Lame Ducks and Divided Government: How Voters Control the Unaccountable
The ability of voters to use the available electoral instruments is crucial for the functioning of democracies. The paper shows that voters consider the institutional environment when making electoral decisions. Voters recognize that executives who face binding term limits (i.e., “lame ducks”) have incentives to deviate from the preferences of voters because these politicians are not subject to reelection restrictions. This weakened accountability can be counterbalanced by an alternative mechanism known as divided government. By dividing government control between the executive and legislative branches, voters can force a lame duck to compromise on policies with an opposing legislature. Using a panel data analysis of the US states from 1975 to 2000, it is shown that the probability of divided government is 10-15 percent higher when governors are lame ducks. This effect remains robust and significant even after controlling for many relevant covariates. This result provides evidence of the considerable capacity of voters to process information and use alternative electoral instruments to control an otherwise unaccountable executive.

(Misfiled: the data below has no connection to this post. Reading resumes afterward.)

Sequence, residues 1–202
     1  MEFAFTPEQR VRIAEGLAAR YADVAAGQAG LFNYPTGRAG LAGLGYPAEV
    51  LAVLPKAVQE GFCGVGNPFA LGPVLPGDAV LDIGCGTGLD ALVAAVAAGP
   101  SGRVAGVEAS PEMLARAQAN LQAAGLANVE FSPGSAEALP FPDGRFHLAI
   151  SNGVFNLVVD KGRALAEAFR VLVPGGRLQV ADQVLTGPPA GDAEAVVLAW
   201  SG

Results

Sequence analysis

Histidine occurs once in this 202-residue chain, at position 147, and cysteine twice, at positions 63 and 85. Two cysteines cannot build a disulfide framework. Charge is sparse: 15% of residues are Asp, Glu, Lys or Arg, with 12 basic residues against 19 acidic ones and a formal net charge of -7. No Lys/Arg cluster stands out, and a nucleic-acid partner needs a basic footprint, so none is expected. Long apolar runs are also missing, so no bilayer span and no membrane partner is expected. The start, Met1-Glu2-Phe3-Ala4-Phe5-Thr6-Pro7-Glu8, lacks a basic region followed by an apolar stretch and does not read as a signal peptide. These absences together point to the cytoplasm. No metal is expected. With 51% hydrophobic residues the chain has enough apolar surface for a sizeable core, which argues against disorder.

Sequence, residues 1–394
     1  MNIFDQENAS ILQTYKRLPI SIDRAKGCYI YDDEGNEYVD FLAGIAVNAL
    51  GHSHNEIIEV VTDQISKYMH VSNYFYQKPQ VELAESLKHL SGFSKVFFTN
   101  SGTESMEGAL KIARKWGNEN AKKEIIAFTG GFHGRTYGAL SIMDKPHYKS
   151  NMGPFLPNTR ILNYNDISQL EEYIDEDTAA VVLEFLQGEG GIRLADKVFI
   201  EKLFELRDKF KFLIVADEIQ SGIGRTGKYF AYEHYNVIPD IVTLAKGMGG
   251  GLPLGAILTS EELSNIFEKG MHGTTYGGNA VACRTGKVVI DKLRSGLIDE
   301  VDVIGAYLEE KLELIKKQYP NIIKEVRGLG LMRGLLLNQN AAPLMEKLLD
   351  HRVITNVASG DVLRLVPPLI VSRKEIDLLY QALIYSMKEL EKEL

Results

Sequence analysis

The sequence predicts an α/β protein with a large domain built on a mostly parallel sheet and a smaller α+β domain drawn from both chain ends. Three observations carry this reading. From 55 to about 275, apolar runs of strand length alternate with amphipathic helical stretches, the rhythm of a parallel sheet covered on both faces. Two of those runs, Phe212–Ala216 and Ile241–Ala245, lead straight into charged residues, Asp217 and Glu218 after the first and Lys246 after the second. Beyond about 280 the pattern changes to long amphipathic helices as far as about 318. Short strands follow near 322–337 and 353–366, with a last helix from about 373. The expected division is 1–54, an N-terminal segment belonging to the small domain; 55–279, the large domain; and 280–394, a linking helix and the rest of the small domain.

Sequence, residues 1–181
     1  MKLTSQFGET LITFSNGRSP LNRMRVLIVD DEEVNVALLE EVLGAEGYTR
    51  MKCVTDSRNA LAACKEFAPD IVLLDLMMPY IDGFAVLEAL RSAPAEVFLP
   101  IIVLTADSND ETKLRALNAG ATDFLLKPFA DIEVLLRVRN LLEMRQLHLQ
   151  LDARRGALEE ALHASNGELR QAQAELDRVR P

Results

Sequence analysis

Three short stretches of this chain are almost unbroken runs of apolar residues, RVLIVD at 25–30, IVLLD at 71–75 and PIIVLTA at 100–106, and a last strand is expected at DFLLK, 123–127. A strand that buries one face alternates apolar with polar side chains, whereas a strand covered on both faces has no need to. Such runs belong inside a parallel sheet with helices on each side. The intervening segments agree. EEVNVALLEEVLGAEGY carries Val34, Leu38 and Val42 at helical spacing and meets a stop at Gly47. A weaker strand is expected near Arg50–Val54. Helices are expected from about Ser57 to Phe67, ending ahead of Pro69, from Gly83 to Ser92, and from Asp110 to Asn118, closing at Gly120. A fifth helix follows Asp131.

|Date of creation:||Jul 2011|
|Date of revision:||Mar 2012|
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